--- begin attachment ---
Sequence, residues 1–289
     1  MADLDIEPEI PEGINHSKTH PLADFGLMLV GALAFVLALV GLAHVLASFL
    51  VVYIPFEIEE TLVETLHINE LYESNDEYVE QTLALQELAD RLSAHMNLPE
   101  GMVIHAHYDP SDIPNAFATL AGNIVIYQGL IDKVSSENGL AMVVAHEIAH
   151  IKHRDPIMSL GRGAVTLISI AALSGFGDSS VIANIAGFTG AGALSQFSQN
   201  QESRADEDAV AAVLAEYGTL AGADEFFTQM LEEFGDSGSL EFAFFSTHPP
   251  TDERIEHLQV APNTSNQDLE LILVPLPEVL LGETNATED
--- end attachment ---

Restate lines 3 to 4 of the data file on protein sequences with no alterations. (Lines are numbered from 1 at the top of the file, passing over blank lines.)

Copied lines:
    51  VVYIPFEIEE TLVETLHINE LYESNDEYVE QTLALQELAD RLSAHMNLPE
   101  GMVIHAHYDP SDIPNAFATL AGNIVIYQGL IDKVSSENGL AMVVAHEIAH